From the desk of Adrianne E. Avillion, DEd, RN

Staff Development Weekly: Insight on Evidence-Based Practice in Education, September 2, 2011

Editor's note: This feature is written by nursing professional development expert Adrianne E. Avillion, DEd, RN. Each week, Adrianne writes about an important issue in the area of professional development or answers reader questions. If you have a question for Adrianne, e-mail her at

Educating Nurses: A Call for Radical Transformation and its implications for nursing professional development

The recent publication of Educating Nurses: A Call for Radical Transformation (Benner et al, 2009) has significant implications for nursing professional development (NPD) specialists as well as nursing faculty. The book is part of a multi-year comparative study of professional education in the United States called the Preparation for the Professions Program (PPP) at the Carnegie Foundation for the Advancement of Teaching.

The major findings noted in the book are that nursing programs in the United States are quite effective in forming professional identify and ethical deportment and that clinical practice assignments offer compelling learning experiences particularly in programs that integrate clinical and classroom teaching. However, findings also showed that United States nursing programs are not generally effective in teaching the following entities:

  • Nursing science
  • Natural sciences
  • Social sciences
  • Technology
  • Humanities

NPD specialists should be aware of these cited limitations and anticipate possible lack of skills in these areas in newly licensed nurses. Additionally, they should work with nursing faculty during student clinical rotations to help enhance these areas.

One way of facilitating learning and collaborating with faculty is for nursing faculty and NPD specialists to work together to develop residency programs for all new graduates. In fact, Benner and her colleagues identified a number of recommendations to improve nursing programs. The ones particularly relevant for professional development include the following (Benner et al, 2009; Rodriguez, 2011):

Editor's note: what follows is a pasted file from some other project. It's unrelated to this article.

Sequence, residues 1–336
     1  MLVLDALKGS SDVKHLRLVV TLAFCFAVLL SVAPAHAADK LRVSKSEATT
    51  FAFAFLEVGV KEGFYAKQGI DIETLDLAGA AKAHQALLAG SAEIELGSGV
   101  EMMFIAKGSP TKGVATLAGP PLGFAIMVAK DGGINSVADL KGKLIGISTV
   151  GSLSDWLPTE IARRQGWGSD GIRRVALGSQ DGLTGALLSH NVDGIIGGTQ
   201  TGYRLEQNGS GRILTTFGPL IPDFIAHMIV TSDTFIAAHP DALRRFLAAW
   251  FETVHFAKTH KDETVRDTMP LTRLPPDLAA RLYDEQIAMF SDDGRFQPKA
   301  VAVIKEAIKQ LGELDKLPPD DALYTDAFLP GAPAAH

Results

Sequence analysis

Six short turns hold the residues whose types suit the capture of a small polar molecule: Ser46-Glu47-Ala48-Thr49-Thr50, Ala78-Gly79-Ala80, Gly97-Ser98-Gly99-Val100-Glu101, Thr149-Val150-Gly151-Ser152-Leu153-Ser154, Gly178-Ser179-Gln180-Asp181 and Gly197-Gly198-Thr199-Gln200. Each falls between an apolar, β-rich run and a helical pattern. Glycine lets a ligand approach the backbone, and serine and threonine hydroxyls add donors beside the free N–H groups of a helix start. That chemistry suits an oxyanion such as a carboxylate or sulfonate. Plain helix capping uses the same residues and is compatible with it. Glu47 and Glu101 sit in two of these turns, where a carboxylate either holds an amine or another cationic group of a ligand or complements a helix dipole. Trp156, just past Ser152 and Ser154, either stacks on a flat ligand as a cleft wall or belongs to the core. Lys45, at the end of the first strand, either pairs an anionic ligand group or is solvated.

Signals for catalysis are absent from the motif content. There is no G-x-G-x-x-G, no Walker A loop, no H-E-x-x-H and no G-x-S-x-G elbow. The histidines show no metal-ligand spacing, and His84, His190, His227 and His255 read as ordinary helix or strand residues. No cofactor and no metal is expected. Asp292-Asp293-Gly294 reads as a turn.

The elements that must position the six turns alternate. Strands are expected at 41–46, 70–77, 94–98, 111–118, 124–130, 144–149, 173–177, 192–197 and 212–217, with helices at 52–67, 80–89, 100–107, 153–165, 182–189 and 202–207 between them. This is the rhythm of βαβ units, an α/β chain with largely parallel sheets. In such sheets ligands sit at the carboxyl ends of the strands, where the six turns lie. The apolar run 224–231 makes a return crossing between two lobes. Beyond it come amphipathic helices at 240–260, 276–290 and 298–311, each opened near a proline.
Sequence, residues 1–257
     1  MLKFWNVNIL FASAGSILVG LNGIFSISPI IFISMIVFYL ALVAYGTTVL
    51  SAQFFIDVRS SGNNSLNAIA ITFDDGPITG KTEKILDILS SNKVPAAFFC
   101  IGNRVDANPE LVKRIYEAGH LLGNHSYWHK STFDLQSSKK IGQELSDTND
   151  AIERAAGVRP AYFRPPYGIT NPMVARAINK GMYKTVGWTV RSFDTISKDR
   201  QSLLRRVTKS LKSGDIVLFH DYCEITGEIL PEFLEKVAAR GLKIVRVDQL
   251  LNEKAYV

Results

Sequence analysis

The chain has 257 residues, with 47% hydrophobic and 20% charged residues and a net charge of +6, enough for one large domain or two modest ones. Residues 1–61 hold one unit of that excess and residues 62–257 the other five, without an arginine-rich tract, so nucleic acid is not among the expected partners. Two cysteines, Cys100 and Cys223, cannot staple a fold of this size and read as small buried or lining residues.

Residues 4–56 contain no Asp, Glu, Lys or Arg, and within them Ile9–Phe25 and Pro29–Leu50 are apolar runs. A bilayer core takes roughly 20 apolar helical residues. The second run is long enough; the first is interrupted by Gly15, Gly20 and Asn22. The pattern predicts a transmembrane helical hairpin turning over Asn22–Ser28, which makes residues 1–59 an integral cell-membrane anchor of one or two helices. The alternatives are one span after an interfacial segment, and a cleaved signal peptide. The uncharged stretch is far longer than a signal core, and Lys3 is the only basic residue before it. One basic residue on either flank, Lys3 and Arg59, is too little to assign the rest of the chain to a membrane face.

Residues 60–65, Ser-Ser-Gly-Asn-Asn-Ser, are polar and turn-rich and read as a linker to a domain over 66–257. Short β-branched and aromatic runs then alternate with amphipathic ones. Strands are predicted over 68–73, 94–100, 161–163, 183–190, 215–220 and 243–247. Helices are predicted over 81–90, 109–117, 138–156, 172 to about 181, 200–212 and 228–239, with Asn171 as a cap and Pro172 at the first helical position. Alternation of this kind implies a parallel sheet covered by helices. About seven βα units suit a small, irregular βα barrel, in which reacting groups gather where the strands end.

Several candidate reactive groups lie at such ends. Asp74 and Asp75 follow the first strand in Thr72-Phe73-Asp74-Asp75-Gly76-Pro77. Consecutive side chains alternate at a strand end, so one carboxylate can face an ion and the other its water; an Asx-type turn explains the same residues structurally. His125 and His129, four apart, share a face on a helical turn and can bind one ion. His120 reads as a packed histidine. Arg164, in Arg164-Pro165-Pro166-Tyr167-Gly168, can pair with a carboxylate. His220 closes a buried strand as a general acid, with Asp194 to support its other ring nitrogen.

• Broaden the clinical experience, particularly pertaining to opportunities for community experiences earlier in nursing programs
  • Include teacher education course in master's and doctoral programs
  • Require performance assessments for licensure
  • Develop clinical residencies for all new graduates

In particular, the recommendation for the development of clinical residencies caught my attention. Other professions, (most obviously the medical profession), have had residency programs for many decades. It makes sense that NPD specialists and nursing faculty collaborate in the development of such programs. In light of these findings, I hope that all of us in professional development work to establish residency programs that begin with a sound, competency-based orientation and evolve into programs that enhance both recruitment and retention.


Benner, P., Sutphen, M., Leonard, v., & Day, L. (2009). Educating Nurses: A Call for Radical Transformation. San Francisco, CA: Jossey-Bass.
Rodriguez, L. (2011). Keynote address NNSDO annual convention, July, 2011, Chicago, IL. Pensacola, FL: NNSDO.

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